FAQ - Server Install

Updating SQL Server versions and or moving servers

We have performed dozens of upgrades of earlier versions of MS SQL Server to SQL 2008 without issue. The process is straight forward, even if it contains a significant number of steps, largely covered by install / upgrade wizards and the occasion misleading Microsoft error dialog.

The upgrade requirements are the same as the requirements for the installed version of MS SQL Server and a disk space for each database of between 2 and 10GB (if 4 GB if not SQL 2008 R2 Express).

The backup folder should be on a physically separate drive. As a significant percentage of catastrophic Server failures are hard drives failing in an unreported manner: cross linked segments even with SMART technology. It is strongly recommended that full backups are taken to a physically separate drive, and checked for restorability on a regular basis.

When upgrading, irrespective of the current version of  MS SQL (2000, 2005, 2008) we recommend the target version should be MS SQL 2008 R2. The express R2 version is freely downloadable from Microsoft.

Upgrades can be inline - in which case the process is likely to take a hour or two. We have not experienced any difficulty with inline upgrades.

SQL Server upgrade

The first step is to backup the (Ava) databases.

If the decision is to migrate to another server then the following applies:

There is a requirement for two shared folders with full rights to be mapped to Ava users: one for document templates, one for update files.

  • Install the new SQL instance.
  • The backup(s) should be restored to the new server instance.
  • Copy the contents of the current update and template shares to the new shares.
  • Grant permissions for access to the new server databases for the appropriate Window user group.
  • Check the port number of the new instance, if the port for the connection ip is using dynamic settings, make the port fixed on the previously dynamically selected port.
  • Enable the server firewall for the ip range and ports TCP 1433, UTP 1434 and TCP (now fixed) port.
  • Configure the *.udl files (UDL stands for Universal Data Link and these are simply script files which contain the connection strings to the appropriate databases) in the update folders to connect to the new instances.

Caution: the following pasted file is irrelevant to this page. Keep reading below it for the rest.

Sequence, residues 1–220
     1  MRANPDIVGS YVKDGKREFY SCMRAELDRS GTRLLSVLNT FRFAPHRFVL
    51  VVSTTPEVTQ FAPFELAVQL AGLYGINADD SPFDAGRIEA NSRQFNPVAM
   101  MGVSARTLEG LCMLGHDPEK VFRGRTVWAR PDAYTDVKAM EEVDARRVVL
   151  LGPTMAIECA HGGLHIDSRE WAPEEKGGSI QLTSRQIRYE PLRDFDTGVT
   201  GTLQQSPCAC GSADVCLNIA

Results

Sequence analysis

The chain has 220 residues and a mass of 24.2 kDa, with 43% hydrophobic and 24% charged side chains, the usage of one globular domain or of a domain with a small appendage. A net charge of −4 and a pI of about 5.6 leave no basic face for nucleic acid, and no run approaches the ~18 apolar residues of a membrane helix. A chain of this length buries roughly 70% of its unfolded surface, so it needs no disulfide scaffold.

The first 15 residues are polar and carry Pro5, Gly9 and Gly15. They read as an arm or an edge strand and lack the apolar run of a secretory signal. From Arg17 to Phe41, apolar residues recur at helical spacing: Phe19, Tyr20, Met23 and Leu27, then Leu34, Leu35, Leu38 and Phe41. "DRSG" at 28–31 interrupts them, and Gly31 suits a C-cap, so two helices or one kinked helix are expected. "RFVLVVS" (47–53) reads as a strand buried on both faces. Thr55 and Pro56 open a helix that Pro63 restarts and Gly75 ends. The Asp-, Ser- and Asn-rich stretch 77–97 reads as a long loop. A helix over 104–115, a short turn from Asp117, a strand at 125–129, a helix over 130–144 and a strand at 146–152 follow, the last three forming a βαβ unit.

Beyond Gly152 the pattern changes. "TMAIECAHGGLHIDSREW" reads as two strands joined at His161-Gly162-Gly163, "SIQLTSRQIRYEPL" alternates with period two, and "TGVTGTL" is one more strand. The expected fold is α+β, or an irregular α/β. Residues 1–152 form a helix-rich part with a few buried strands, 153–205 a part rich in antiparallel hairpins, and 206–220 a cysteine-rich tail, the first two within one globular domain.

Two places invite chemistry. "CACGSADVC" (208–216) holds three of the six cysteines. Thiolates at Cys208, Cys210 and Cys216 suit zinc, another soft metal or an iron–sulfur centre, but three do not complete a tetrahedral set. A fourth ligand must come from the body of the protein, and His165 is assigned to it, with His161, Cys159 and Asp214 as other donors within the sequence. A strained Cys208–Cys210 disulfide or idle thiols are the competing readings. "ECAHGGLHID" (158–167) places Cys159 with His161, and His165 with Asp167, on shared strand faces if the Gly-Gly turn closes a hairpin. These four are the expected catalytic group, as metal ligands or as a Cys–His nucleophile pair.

• Copy one of these *.udl files to a client and check that it connects.
  • Edit all the bat files in the update folder so they reflect the new server settings.
  • On each client go to the program files / Ava pa / set-up auto update.

SQL 2008 server move 1

Select find avapa.exe to update from.

SQL 2008 server move 2

Search for the new update shared folder.

SQL 2008 server move 3


The applet will show files being copied.

(This process will also copy the new connection udl files and bat files across to the client.)

  • Run Ava and test (you may want to test/ do a dry run on one client first to check permissions).
  • If Ava connects then it will work fully. If it does not connect, open the appropriate UDL file and click "test". It has always been the case that if the UDL test works Ava works and vice versa. The UDL applet simple exercises the connection string so either its configuration is incorrect, there is a firewall blocking the SQL ports, network permissions are incorrect or the server instance has not been correctly configured.


Ava web pages run on any IIS that supports net 3.5 or 4.0.

Once the update is successful, change the compatibility of the databases to SQL 10 (2008) and then request an Ava update to the latest version.

Related links:

Google's disk failure experience with statistics

Google's disk failure experience BBC article

Download SQL 2008 R2 Express from Microsoft

If you found this information useful, please share it!

This FAQ was last updated on Wednesday, September 30, 2015

Contact Information

To find out more about Ava solutions you can contact us in a number of ways:
Follow Us...